In his Report, Executive Judge Aquino stated that respondent’s actuations, “while not absolute proof of her complicity in the activities for which Judge Yaneza was dismissed from the service, are strong indications that she engaged in activities relative to the posting of bail bonds.” Executive Judge Aquino pointed out that respondent’s unauthorized removal of court records from court premises, and delivery of the records to a dismissed judge, were clear violations of operating procedures. Executive Judge Aquino recommended that the matter be investigated further.

In his 1st Indorsement dated 21 June 1999, Court Administrator Benipayo directed respondent to comment on the Report of Executive Judge Aquino charging her with grave misconduct.

Respondent filed her Comment on 12 October 1999 maintaining that “not a single piece of concrete evidence was produced to link her to the anomalous conduct involving bail bond transactions that led to the dismissal of Metropolitan Trial Court Judge Reynold Q. Yaneza.” Respondent denied the allegations in the Report and denounced it as untrue and without basis. Respondent claimed that the Report is “very vague” and failed to state exactly what it was that she brought outside of court premises. Respondent also alleged that Roman Gatbalite (“Gatbalite”), Clerk of Court of MeTC Branch 54, instigated the complaint because he wanted to blacken her reputation. Finally, respondent maintains that she committed no wrongdoing since all the subject records were eventually recovered.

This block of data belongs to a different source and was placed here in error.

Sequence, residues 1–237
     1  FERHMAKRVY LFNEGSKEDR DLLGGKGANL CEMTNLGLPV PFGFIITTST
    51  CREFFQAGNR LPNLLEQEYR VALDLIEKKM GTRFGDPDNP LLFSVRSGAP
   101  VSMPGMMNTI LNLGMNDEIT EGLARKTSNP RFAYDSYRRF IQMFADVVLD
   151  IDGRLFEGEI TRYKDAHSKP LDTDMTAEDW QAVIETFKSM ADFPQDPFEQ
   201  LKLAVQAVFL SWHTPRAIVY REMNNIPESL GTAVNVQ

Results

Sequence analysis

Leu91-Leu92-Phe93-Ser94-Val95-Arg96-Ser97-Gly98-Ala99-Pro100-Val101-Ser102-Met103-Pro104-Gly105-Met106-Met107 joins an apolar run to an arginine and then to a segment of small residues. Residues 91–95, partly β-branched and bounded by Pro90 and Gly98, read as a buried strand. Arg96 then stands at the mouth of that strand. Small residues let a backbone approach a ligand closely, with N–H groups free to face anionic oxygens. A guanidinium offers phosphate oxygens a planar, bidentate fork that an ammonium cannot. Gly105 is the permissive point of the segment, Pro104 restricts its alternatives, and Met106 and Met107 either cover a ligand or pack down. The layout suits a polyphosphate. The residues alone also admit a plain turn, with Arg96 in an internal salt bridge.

On 20 November 2000, the OCA recommended re-docketing of the matter as an administrative case and its referral to one of OCA’s consultants for investigation, report and recommendation.

On 15 January 2001, the Court resolved to adopt the OCA’s recommendations.

The OCA, through its Investigator, retired Court of Appeals Justice Pedro A. Ramirez (“Investigator Ramirez”), issued an Order dated 13 February 2001 setting the case for hearing on the 6th and 13th of March 2001.

The hearing did not push through due to the inability to serve notice on respondent. Investigator Ramirez then issued an Order dated 8 March 2001 directing Gatbalite, the Branch Clerk of MeTC Branch 54, to inform him within ten days of the status or whereabouts of respondent.